The current spurt in interest in Burma and the growing popularity of its other relatively more recent name Myanmar, has thrown up some interesting debates relevant to even Manipur. Even after the former military junta in the country decided to change the name of the country from Burma to Myanmar, much of the conscientious section of the international media, including the BBC and CNN among many others, had been insisting on referring to the country as Burma. Perhaps this was meant as a support for pro-democracy champion and Nobel Peace Prize winner, Aung San Suu Kyi, who too continued to refer to her country as Burma. But in the past month or so, when Burma is seen as opening up to the outside world, and in equal measures the world too have come to acknowledge and accept this sleeping South East Asian country’s overtures, pledging among others the chairmanship of the ASEAN in 2014, Burma’s other name Myanmar is beginning to replace its old nomenclature. The argument by those within Burma for their preference of the new name is that the name “Burma” is inclined too closely to the Burmans, the overwhelmingly dominant community in the country, at the cost of somewhat excluding its many different ethnic minorities. Even Aung San Suu Kyi now seems soft on the idea of a name change. Perhaps her refusal to use it all this while was only an extension of her opposition to the military junta and now the military is seemingly making a voluntary exit from the country’s political forefront, she thinks shifting her stance is legitimate.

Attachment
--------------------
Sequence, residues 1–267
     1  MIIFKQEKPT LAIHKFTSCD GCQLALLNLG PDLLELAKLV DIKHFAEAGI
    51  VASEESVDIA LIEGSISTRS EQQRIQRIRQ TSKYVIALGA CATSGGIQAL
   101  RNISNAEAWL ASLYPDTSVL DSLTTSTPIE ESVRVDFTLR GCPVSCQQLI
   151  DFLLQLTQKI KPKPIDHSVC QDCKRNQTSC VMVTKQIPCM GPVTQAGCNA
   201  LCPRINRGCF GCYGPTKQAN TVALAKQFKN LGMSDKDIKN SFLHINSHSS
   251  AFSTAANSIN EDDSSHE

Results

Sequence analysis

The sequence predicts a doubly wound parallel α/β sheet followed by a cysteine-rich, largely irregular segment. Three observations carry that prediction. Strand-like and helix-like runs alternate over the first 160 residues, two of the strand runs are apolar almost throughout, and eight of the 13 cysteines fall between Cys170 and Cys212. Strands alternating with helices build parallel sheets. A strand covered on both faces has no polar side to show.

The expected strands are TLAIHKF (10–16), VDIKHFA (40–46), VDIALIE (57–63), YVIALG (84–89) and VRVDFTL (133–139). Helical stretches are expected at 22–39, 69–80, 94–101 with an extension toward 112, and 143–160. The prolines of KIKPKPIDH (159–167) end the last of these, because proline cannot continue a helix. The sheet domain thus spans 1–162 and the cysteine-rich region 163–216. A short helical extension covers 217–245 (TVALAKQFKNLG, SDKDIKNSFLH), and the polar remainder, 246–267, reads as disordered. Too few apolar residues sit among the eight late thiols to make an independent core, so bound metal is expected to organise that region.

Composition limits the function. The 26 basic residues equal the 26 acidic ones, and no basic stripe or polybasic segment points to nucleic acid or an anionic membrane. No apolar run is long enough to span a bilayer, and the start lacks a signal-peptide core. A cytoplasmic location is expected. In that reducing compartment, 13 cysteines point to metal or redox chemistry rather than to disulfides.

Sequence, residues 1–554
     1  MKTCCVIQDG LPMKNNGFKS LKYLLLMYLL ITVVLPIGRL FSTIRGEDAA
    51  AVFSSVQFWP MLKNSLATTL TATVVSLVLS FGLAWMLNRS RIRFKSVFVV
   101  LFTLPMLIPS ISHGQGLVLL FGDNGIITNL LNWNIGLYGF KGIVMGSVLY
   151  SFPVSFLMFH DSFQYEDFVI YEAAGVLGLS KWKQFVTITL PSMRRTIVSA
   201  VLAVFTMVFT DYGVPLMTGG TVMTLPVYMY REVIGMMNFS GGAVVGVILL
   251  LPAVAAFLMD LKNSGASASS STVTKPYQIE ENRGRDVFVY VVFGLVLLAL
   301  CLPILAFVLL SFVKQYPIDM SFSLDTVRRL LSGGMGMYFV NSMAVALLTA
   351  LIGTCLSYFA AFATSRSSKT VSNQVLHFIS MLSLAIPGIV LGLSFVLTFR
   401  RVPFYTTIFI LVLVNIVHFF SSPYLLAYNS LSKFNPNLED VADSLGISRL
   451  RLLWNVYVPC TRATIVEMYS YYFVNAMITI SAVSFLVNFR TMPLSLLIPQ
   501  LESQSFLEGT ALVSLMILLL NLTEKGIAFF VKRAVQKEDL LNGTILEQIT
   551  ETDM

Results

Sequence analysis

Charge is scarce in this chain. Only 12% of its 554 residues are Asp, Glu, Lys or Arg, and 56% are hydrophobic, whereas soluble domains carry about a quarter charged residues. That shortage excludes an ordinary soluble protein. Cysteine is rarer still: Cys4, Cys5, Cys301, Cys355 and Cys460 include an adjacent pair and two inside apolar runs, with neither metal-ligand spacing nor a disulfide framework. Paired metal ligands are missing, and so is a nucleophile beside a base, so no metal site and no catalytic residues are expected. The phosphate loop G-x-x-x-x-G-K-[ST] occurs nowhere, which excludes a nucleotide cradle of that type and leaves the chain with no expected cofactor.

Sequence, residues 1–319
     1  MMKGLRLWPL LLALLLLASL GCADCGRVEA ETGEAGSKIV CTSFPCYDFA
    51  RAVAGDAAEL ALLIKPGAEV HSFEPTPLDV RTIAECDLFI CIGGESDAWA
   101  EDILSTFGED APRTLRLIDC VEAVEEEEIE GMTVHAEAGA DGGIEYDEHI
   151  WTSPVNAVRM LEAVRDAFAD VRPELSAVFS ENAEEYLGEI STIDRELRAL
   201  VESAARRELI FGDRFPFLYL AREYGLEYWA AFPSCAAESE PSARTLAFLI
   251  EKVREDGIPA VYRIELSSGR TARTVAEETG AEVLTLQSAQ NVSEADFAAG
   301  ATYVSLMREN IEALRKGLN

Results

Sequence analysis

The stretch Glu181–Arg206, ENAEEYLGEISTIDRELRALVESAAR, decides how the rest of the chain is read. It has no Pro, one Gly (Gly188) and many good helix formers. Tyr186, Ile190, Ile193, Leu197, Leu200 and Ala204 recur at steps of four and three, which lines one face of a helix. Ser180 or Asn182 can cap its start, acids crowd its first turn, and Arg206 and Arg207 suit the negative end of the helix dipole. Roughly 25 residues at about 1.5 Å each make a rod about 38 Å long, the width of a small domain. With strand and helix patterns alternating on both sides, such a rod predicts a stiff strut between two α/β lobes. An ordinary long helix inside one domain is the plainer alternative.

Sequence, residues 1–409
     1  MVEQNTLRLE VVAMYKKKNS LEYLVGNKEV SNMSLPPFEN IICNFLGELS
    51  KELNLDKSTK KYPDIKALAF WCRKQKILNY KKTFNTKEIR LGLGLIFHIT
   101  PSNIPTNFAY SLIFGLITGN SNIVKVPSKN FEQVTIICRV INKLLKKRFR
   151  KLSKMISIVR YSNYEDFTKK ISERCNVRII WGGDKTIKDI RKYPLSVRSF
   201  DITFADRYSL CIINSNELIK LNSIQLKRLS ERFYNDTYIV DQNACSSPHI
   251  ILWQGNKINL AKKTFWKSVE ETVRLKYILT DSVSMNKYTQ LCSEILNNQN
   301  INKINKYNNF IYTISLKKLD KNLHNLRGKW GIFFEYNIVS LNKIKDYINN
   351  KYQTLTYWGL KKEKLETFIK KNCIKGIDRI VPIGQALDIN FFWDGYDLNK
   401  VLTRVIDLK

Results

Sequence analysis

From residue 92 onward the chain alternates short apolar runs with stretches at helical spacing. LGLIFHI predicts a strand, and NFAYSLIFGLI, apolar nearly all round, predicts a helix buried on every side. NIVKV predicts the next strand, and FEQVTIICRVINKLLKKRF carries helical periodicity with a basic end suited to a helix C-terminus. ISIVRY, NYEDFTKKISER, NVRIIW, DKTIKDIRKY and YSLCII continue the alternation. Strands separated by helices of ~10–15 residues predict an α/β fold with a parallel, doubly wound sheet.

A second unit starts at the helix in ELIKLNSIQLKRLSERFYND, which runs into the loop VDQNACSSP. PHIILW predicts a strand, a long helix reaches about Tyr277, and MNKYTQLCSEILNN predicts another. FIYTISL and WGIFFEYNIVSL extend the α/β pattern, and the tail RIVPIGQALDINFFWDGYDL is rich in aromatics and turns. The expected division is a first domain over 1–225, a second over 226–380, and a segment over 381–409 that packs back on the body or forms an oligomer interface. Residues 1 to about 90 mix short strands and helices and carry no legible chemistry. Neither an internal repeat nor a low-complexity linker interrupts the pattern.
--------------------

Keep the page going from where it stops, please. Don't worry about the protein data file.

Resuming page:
The debate is relevant to Manipur for almost identical reasons. While there is nothing seemingly wrong with the name Manipur, what becomes problematic is the derivative term Manipuri which is supposed to signify all citizens of the state. The problem as in Burma is, “Manipuri” has for many reasons, tangible and intangible, come to signify chiefly the numerically dominant community of the state, the Meiteis. Although there are many, including most recently the chief minister, Okram Ibobi, tried to clarify that “Manipuri” signifies or should signify all domiciles of the state, the truth is, such rhetoric have never been much more than weak attempts at being politically correct. Even educated and self-proclaimed liberated citizens more often than not relapse into the old mindset and continue to use the terms “Meitei” and “Manipuri” as synonyms. So try as many would to make “Manipuri” have a more inclusive connotation, another section of the population which is not sensitive to the issue have continued and would continue to ensure that the clock is turned back and this divisive inference of the name remains.
The moot point is, why not think of a more inclusive name for Manipur to which all the peoples of the state can identify with and share a sense of belonging. The overture would not be altogether novel even in this country. So many other states and cities have done so in the past. The state of Madras became Tamil Nadu and later on its capital city of Madras too became Chennai. Likewise, Calcutta became Kolkata, Poona became Pune etc. Come to think of if, the list of such changes of nomenclatures of places in India in recent times is indeed long. Manipur has many ancient names that predate the nomenclature “Manipur”. Of this many are also what other ancient feudal principalities in the region gave it. The new name, if at all, does not have to be any one of these, but preferably an imaginatively conceived one which draws from the place’s ancient heritages as well as modern challenges. The intent is to ensure a sense of belonging and identification to one and all in the state. If on the other hand, as the chief minister in his recent speech said, it becomes possible for everybody to internalise the notion of “Manipuri” as indicating not just the dominant community but every son of the soil of Manipur, then there cannot be a better way. However, as of now, this effort is not making much headway, all because of chauvinists amongst the dominant community as well as rabid and frenzied ghetto mentality of many amongst the minority communities.